Japanese Hotel Costs Just $1, But You Need to Like Being Filmed

100 yen ryokan

A stay in this Japanese hotel will cost you next to nothing, so long as you’re happy to be live-streamed on the internet throughout the entire duration of your stay.

We know — it’s a lot to take in, so let’s rewind.

The Asahi Ryokan in Fukuoka, on the northern shore of Japan’s Kyushu Island, allows guests to occupy room 8 of the traditional ryokan hotel for the price of just ¥100 (around AU$1.35 at the current conversion).

The only caveat in securing a bargain stay is you must agree to be live-streamed for 24 hours on the hotel’s YouTube channel, which at the time of writing has 12,800 followers.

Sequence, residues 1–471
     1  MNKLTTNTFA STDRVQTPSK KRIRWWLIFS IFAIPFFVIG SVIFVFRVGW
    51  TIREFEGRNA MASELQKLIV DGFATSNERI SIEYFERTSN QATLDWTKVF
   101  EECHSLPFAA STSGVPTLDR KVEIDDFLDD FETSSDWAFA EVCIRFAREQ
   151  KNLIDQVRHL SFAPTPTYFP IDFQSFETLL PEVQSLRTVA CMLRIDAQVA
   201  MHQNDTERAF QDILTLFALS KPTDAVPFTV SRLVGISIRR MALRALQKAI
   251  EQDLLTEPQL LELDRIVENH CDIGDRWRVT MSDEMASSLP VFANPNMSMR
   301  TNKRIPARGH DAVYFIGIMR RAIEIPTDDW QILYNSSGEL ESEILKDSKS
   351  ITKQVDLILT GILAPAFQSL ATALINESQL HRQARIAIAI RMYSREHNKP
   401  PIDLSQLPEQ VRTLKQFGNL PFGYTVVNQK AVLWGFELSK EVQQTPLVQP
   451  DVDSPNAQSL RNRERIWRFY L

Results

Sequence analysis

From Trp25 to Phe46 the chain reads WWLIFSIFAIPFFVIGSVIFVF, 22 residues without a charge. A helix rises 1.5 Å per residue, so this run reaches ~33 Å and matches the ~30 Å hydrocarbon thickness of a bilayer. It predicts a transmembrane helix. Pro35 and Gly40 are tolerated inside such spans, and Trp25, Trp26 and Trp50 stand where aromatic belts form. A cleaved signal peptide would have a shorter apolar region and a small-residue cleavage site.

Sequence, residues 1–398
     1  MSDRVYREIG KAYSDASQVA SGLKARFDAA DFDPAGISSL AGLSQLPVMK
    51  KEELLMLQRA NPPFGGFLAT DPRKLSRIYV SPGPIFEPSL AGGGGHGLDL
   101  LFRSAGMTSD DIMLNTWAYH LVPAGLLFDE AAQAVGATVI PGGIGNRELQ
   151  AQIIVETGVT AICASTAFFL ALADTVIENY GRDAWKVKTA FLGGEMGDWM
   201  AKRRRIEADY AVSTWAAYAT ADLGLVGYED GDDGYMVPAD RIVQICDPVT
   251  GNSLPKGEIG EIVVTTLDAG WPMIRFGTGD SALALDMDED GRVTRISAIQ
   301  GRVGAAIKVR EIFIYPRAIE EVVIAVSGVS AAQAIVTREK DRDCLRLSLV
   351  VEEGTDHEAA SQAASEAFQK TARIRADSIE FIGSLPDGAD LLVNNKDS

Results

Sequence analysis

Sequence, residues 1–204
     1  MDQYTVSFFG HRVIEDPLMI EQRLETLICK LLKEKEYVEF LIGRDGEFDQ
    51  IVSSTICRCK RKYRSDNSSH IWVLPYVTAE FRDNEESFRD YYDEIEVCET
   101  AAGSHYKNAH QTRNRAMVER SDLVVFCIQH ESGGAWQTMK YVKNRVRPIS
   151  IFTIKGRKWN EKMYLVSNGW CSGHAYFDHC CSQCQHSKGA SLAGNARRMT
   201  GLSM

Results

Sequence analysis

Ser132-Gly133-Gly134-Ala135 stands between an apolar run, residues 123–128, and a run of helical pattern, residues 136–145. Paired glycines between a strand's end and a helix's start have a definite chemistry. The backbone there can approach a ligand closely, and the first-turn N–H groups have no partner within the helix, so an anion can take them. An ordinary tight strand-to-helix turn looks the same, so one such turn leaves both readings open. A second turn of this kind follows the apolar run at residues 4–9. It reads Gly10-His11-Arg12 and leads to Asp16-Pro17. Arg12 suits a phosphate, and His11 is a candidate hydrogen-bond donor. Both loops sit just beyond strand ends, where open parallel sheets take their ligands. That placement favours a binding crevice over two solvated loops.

While it sounds lewd, guests are informed upon check-in that nudity on camera is strictly prohibited. The bathroom is located outside of the camera frame, and a small dressing area sits adjacent.

Guests are allowed to switch the lights off at night and are told not to display any personal effects like passports or credit cards within the camera frame for their own privacy concerns.

The live-stream is also video-only, so conversations are not recorded.

It’s all part of a new initiative from 27-year-old ryokan owner Tetsuya Inoue, to improve business and attract a new audience to his accommodations.

“This is a very old ryokan and I was looking into a new business model,” Inoue tells CNN.

“Our hotel is on the cheaper side, so we need some added value, something special that everyone will talk about.”

Since first marketing the ¥100 stay in October, the hotel owner has hosted 10 guests in room 8.

Question is: Would you allow your (almost) every move to be watched by the world in order to save some coin on a hotel room?